Movie Review: “Mesrine: Killer Instinct”

A crime epic in two parts, the story of Jacques Mesrine makes for a glittering tour de force turn by Vincent Cassel in the title role. His mesmerizing presence in the center of Jean-François Richet’s two films lifts them above the somewhat conventional life-and-death-in-crime genre pictures these are.

These are films that emphasize the charismatic “public enemy No. 1″ and his many bank robberies that end in shootouts and frenetic chases. There’s a taste of the backdrop against which Mesrine was formed — a declining, weakened and corrupt France, a Europe erupting in youth revolt and homegrown terrorism (Red Army Brigades, Baeder Meinhoff Group). But there’s little of the logistics — the “how” his many prison escapes were arranged, the “where” all the money from his scores of bank robberies, from France to Canada, went.

“Killer Instinct”, aka “Part 1,” shows us the young Mesrine, learning ruthlessness from the French Army in the last days of its occupation of Algeria. Mesrine, who told his own tale in a somewhat exaggerated autobiography, doesn’t dwell on the torture and murder “shaping” him, any more than the idea that he was over-compensating for a weak, Nazi collaborator dad. But that’s suggested.

Instead, we’re treated to a charming, mercurial brute, a man with style, a Frenchman who can cook, who can woo and bed a succession of beautiful women, some of whom he slaps around when they don’t show the proper “respect.” The Spaniard Sofia (Elena Anaya)
is the one he marries and has children with. She is an innocent who hopes he will reform after his first stay in prison. No such luck. The minx Jeanne (Cecile de France) is more his speed — a partner in crime, “Bonnie” to his “Clyde” in the newspapers.

Gerard Depardieu is Guido, his mentor, the man who teaches him it’s better to pack a gun than to pretend to pack one.

We’re treated to what bank robbing was like in the age before C.S.I. or forensics of any sophistication. Mesrine is all bravado, not wearing a mask, sometimes knocking off two banks across the street from each other. Sidekicks come and go, bank jobs go awry and sometimes he gets shot. Other times, he’s caught.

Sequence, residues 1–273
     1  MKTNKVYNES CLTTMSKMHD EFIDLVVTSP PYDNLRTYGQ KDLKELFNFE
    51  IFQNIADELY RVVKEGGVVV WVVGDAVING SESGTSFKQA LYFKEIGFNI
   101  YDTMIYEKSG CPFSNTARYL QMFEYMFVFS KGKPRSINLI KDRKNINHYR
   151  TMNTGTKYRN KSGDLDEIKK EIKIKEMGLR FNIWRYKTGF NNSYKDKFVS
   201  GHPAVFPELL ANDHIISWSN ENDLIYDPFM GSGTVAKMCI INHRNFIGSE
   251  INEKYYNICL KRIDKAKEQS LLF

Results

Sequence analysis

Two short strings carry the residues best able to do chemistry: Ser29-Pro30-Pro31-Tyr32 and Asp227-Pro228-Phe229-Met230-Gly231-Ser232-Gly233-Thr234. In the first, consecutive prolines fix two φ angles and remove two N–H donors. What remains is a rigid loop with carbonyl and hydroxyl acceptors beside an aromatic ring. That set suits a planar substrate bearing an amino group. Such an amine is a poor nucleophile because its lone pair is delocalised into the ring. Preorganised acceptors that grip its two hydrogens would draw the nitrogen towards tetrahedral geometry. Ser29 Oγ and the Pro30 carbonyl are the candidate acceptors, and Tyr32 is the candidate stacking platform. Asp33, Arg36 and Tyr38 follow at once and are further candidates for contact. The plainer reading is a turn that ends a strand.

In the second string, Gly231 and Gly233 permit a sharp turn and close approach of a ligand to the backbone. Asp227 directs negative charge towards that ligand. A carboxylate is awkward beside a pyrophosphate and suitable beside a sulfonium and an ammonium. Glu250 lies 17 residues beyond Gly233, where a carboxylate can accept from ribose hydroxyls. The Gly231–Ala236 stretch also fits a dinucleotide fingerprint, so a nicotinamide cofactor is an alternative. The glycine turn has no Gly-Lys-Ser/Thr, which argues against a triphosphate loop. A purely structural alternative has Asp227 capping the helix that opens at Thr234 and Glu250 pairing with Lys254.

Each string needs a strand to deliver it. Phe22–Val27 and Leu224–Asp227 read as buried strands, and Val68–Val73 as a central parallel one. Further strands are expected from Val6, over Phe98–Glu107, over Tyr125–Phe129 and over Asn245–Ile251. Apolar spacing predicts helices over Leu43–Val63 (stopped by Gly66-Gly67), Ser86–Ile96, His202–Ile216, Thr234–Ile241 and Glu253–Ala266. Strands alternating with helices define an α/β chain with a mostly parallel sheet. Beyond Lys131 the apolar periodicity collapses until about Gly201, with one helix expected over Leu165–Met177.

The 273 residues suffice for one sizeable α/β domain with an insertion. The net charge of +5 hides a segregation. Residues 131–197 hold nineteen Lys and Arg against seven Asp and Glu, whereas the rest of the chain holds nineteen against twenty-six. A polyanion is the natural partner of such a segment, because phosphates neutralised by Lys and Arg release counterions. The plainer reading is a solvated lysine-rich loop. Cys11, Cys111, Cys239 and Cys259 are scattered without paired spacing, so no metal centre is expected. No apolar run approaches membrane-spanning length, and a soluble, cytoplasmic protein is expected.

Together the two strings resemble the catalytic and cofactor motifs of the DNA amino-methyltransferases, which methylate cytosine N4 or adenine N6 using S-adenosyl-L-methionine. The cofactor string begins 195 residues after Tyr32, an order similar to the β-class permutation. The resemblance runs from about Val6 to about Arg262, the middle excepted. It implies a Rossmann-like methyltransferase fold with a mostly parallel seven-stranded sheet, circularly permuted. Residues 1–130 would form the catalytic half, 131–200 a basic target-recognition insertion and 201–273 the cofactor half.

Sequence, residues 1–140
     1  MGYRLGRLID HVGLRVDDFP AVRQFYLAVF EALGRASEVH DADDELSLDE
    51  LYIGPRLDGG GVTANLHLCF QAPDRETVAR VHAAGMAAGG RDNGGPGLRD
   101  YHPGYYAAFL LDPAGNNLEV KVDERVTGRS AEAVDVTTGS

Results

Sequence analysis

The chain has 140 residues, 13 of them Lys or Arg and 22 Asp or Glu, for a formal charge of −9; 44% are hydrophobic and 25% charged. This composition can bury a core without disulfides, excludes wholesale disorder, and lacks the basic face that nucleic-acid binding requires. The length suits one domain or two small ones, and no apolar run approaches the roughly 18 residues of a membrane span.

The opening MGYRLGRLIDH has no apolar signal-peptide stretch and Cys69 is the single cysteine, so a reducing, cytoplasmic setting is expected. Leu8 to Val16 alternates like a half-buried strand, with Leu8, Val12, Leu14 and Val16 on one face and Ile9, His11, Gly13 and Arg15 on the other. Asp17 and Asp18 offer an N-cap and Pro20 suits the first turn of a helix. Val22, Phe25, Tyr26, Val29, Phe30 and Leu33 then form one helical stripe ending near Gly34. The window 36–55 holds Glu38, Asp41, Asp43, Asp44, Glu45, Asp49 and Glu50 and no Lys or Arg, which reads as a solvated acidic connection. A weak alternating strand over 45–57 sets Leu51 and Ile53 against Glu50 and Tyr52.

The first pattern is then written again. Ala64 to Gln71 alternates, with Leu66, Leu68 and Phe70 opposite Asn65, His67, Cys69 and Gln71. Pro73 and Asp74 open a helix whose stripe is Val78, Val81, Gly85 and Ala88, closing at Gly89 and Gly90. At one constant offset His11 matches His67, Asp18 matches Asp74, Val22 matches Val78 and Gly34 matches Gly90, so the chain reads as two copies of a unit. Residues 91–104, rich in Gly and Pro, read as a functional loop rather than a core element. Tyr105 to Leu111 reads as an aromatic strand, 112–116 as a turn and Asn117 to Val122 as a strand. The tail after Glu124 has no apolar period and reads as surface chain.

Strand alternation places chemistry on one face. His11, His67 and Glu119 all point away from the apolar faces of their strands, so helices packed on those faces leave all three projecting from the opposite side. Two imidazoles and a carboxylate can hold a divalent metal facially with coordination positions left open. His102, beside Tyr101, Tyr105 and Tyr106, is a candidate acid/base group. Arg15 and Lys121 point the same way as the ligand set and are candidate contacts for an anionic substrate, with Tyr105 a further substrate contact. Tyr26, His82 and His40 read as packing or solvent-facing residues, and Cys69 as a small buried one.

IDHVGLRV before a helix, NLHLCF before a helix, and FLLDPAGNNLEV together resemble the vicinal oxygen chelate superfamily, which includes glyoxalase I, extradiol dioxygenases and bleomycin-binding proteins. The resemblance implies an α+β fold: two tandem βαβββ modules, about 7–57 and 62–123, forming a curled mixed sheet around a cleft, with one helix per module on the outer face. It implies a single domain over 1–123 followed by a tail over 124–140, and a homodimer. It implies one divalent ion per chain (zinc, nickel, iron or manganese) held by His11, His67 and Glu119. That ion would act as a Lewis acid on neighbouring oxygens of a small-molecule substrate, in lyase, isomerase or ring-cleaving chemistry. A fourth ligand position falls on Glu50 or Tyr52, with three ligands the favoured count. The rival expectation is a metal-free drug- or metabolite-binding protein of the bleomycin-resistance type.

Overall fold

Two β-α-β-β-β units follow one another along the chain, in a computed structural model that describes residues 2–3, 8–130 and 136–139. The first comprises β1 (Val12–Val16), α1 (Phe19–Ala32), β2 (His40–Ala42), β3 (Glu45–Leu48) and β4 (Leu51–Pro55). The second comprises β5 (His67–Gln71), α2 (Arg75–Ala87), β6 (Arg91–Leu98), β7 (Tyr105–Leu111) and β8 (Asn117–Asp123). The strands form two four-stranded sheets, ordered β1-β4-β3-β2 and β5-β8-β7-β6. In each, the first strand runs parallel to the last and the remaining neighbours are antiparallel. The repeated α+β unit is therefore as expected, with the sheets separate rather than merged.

The comic side of the film is the way Cassel as Mesrine clowns in court, in the sometimes inept way his under-planned robberies go wrong and how the French police, at various levels, are always so accommodating — blundering into letting him escape, from jail, prison or court — four different times.

Cassel plays this “man of 100 faces” with a dexterity that will surprise people who only know him from “Ocean’s 12 or 13″ or “Black Swan.” He changes his voice as Mesrine pretends to be a cop stalking into police stations to check out the layout, or to throw off burglary victims who show up in the middle of his robberies. He makes Mesrine a fully-formed wholly believable figure, a clever guy, quick on his feet, but limited — an adrenalin junky who refuses to be a “slave to an alarm clock,” but who doesn’t put as much care into the planning as the the fictional Ben Affleck character in “The Town.”

The film’s violence is sudden, but not unexpected. The chases realistic (crummy 1960s and 70s French and American cars and trucks  are snatched and wrecked, shootouts entail a hail of bullets, very few finding their mark) and thus, not reinventions of the genre.

But Cassel’s performance as a man who thought of himself as a folk hero (In Canada, he feigned interest in “Free Quebec”), who always said “No prison could ever hold me” and “No one kills me until I say,” is the pounding, preening heart of Mesrine: Killer Instinct,” and the best reason to see this, one of the best French (In French with English subtitles) crime thrillers of the new millennium.

Cast: Vincent Cassel, Gerard Depardieu, Cecile de France

Director: Jean-François Richet

Running time:  1 hour 53 minutes

Rating: R for strong brutal violence, some sexual content and language

About Roger Moore

Movie Critic, formerly with McClatchy-Tribune News Service, Orlando Sentinel, published in Spin Magazine, The World and now published here, Orlando Magazine, Autoweek Magazine
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